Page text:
Surprising New Facts About Molly:
It’s Not What You Think It Is
Over the past few months the street drug molly has become more than a fun party drug. Numerous overdoses have been happening more frequently at music festivals and clubs nationwide causing molly to become a household name.
“Molly” is a powered form of MDMA, which is a common ingredient in ecstasy, that causes extreme euphoric and sensory effects, and can last from 3 to 6 hours. These effects cause confusion, lowered inhibitions, and the inability to retain water. Because of this many users overdose from dehydration and more importantly die from the unknown chemicals within the capsules. The surge of serotonin released in the brain can cause depression which accompanies severe dehydration due to the body’s inability to retain fluid, and higher body temperature with a rapid heart beat.
In the 70’s it was considered a relationship elixir, and in the 90’s, a club drug called Ecstasy. The designer party drug has been re-branded today as Molly, claiming that the latest version is free from cheap fillers, such as caffeine, and can sell for $30 to $50 in capsule pill or powder form. This cannot be any further from the truth. Although it’s marketed as pure of contaminants, molly is constantly filled with extra additives including various forms of bath salts.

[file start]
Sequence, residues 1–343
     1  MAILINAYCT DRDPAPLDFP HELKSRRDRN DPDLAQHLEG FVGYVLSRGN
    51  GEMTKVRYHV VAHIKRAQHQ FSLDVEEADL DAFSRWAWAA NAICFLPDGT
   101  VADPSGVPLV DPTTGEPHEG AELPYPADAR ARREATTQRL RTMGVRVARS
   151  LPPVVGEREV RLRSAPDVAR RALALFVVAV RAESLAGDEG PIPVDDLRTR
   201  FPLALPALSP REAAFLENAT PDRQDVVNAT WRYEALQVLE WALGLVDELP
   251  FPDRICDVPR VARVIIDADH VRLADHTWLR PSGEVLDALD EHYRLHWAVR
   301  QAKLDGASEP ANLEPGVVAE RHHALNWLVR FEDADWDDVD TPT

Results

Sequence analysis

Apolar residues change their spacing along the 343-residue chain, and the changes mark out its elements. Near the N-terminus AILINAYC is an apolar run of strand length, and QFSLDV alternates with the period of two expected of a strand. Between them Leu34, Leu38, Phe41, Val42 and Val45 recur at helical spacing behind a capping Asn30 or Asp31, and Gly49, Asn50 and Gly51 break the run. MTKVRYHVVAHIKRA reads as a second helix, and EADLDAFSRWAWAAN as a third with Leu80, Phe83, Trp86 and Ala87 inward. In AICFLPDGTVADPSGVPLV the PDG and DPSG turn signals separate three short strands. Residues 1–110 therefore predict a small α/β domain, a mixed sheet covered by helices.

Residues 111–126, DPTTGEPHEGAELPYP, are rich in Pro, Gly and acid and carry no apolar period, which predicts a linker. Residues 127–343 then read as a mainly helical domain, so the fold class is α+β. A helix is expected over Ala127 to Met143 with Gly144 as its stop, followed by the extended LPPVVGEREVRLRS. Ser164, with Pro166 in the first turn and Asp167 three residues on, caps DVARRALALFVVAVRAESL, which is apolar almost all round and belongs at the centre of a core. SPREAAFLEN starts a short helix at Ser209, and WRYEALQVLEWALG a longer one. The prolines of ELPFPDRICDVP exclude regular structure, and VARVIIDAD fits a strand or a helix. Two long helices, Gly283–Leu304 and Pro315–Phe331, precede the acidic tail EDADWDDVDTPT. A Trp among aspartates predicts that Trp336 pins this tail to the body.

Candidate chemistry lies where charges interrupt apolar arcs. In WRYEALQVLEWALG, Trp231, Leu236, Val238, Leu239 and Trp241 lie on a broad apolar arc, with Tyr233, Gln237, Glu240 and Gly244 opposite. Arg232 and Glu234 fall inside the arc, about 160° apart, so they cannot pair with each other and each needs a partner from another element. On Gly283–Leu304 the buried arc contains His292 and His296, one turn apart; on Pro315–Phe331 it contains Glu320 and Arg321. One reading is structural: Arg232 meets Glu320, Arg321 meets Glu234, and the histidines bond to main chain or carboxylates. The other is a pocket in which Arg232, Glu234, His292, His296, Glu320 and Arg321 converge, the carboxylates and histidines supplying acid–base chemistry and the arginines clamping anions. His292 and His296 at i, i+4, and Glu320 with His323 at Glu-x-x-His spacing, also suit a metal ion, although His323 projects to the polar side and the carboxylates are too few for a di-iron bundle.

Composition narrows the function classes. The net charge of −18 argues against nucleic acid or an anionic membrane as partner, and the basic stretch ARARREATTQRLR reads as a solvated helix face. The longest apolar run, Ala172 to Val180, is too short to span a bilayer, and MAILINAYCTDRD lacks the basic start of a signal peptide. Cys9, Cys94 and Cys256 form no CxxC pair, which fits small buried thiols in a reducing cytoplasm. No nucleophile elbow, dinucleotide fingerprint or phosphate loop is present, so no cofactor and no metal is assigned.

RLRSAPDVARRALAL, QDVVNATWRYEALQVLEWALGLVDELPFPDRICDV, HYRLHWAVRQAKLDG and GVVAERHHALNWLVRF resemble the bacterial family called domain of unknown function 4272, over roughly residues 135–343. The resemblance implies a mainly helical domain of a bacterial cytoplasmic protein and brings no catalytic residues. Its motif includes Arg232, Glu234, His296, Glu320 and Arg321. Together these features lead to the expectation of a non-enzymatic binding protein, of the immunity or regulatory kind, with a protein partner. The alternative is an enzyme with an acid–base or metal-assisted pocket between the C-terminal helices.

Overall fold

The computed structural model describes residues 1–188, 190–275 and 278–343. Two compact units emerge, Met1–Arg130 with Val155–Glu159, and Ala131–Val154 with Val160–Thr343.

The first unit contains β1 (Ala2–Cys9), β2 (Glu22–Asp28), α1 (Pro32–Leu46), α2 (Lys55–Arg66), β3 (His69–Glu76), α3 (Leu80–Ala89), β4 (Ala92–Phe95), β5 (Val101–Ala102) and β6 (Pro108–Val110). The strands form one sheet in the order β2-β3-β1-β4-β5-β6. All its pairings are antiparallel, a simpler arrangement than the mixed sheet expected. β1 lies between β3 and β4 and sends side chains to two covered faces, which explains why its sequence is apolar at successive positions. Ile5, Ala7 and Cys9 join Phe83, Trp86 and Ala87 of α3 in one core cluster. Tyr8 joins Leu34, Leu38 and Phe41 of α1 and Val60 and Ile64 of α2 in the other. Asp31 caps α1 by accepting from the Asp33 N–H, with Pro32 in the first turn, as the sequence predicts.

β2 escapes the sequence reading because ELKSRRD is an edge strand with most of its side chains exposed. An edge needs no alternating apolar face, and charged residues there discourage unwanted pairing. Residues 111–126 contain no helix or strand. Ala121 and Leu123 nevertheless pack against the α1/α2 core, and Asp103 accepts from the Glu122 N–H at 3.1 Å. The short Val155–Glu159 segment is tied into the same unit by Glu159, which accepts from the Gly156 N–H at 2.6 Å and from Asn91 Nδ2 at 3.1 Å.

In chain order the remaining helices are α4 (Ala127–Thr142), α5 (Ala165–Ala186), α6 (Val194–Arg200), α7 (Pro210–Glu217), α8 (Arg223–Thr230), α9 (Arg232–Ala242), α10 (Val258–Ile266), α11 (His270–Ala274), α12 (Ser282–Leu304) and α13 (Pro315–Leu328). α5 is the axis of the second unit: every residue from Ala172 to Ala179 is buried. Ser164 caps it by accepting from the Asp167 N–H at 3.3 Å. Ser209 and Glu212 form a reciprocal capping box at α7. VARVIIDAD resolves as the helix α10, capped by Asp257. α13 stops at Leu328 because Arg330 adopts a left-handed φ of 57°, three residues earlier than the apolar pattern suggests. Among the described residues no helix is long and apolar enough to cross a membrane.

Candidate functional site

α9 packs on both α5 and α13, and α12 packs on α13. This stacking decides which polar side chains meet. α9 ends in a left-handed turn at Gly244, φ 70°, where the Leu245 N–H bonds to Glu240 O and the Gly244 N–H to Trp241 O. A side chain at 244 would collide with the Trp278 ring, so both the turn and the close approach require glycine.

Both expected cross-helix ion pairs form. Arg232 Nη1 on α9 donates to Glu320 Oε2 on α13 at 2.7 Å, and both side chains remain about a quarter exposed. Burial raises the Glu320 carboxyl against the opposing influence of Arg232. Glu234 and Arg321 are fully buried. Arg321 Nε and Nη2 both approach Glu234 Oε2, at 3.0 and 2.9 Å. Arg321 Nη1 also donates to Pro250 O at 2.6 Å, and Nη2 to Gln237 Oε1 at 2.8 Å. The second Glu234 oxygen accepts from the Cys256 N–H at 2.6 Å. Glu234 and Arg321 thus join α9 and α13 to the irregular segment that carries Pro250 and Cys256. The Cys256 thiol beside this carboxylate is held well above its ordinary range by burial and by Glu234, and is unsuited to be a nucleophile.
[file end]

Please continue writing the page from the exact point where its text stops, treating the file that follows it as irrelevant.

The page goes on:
Dr. H. Westley Clark, Director for the Center of Substance Abuse Treatment had this to say about the effects, “You don’t get a uniform reaction and that’s the key issue. It depends on a person’s physiology…What’s more, the toxic reactions are not uniform, ranging from heart damage and liver damage, to loss of consciousness.”
Molly has been linked to at least three fatal overdoses in the past month, one at a concert in Boston and two deaths at last week’s Electric Zoo music festival in New York that are awaiting toxicology reports. “We’re seeing more people in the E.R., more people with toxic reactions and more overdoses from the drug.” Clark remarked. Even though ecstasy overdoses have more than doubled since 2004, the drug’s popularity grows, and so does demand. Synthetic versions of the drug are being sold and marketed as Molly, such as Methylone, a type of bath salt.
“Over the last 3 to 5 years and even earlier, several hundred new or synthetic drugs made their way out of labs into the U.S. Synthetic stimulants, whether it’s ecstasy or bath salts, can produce psychoactive effects like agitation, insomnia, dizziness, delusions, seizures, panic attacks, suicidal thoughts, impaired perception of reality and that’s just the short term. Long-term effects are still being ironed out.” according to Rusty Payne, a spokesperson for the Drug Enforcement Agency. “When a buyer abuses something called Molly, there’s no way to tell what’s in it, that’s the most dangerous thing about these drugs.”